Harris’s plan has mostly been met with backlash. While Warren and Sanders’s proposals to eliminate student loan debt have been well received by some, others say their plans are unfair to those who already worked to pay their own loans.

Rep. Melissa Provenzano, D-Tulsa, said the plans sound attractive but believes there should be more balance rather than just eliminating student debt completely.

“That sounds very attractive to someone who’s carrying student loan debt,” Provenzano said. “I do think that students who sign up to take a loan should make every attempt to pay off their debt. … I think there’s some personal responsibility. Like, I know I signed up for that. I have a career that I was able to facilitate because I had that student loan debt, so there’s perhaps a balance.”

A Bankrate survey from March revealed that 73 percent of respondents delayed “at least one major life milestone because of their student loan debt.” More than ever, people with student loan debt are putting off buying a house, saving for retirement, saving for emergencies and paying off other debt.

In order to save money to pay off her debt, Simons lives with her mother and has even tried mapping out when the best time would be for those major milestone expenses. So for her, plans to reduce or eliminate student debt seem reasonable. Simons said student loan debt forgiveness would be a proactive way to use taxpayer dollars that could help prepare a more educated workforce and stimulate the economy.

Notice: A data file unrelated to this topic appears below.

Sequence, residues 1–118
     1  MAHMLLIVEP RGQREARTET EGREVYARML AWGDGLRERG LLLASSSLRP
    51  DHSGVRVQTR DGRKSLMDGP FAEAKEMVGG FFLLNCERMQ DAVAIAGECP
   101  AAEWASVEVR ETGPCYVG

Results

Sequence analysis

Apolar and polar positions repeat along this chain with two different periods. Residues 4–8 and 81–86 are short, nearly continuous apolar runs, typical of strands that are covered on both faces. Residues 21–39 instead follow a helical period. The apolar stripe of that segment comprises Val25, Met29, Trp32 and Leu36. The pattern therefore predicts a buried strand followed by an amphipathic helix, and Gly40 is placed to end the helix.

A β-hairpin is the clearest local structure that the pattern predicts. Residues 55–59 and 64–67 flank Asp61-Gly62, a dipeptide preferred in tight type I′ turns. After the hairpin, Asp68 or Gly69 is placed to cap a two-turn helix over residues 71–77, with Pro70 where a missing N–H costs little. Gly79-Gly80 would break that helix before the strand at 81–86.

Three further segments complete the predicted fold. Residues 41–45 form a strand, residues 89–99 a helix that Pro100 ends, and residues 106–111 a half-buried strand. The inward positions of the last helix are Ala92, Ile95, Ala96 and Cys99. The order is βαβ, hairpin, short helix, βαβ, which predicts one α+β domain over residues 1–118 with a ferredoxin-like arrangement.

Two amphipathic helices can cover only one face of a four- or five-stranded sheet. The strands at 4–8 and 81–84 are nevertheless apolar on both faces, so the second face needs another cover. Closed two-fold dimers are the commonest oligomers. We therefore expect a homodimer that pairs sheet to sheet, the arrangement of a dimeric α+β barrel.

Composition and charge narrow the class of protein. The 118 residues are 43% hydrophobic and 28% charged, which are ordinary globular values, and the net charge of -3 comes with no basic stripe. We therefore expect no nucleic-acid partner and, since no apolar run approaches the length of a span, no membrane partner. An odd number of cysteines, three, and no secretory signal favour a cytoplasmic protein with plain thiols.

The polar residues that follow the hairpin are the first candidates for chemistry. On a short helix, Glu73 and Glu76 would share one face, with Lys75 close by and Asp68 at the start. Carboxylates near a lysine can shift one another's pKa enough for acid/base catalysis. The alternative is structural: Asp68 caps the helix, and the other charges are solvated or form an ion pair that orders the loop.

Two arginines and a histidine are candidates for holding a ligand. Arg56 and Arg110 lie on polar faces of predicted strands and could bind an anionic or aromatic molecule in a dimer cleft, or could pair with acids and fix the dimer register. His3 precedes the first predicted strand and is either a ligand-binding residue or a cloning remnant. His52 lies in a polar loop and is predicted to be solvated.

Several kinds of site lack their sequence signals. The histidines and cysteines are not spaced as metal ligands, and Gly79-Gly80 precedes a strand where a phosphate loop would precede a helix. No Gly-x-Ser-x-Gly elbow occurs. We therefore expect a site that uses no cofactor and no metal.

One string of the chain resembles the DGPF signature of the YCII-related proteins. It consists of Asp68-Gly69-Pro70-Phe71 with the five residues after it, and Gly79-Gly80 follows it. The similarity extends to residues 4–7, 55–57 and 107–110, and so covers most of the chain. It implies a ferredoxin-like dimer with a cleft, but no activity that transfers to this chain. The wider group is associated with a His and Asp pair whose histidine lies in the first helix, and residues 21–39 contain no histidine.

“If we’re able to have forgiveness, it’s going to open a lot of doors for our generation to either have more kids or continue to pursue education or whatever we want to do, and it’s just going to be a better environment,” she said. “My fiancé and I — you can only plan so much — but we try to map out when we’re going to have kids. … It’s just much cheaper to have a dog at this point.”

Oklahoma debt

TICAS Project on Student Debt reported that Oklahoma’s average debt is about $26,000 with 49 percent of students with debt — both figures lower than the national average. TICAS ranked Oklahoma 38th for average debt and 43rd for percentage with debt.

In 2017, University of Oklahoma, the state’s largest university in terms of enrollment, reported 45 percent of graduates had an average debt of about $29,000. Oklahoma State University, the second-largest university, reported 49 percent of graduates had an average debt of nearly $24,000.

Rep. Melissa Provenzano, D-Tulsa, is working on an interim study to address the student loan debt crisis. - OKLAHOMA HOUSE OF REPRESENTATIVES / PROVIDED
  • Oklahoma House of Representatives / provided
  • Rep. Melissa Provenzano, D-Tulsa, is working on an interim study to address the student loan debt crisis.

In an email statement to Oklahoma Gazette, Glen Johnson, Oklahoma State System of Higher Education chancellor, said it is important to note that Oklahoma’s student debt story differs from the national landscape.

“The nationally recognized Project on Student Debt reports that Oklahoma ranks among the 12 states with the lowest student debt level, and more than half of students at our public universities graduate with no student loan debt,” Johnson wrote. “U.S. News & World Report ranks Oklahoma tuition and fees as 12th-lowest in the nation and our student debt level at graduation as 13th-lowest in the nation.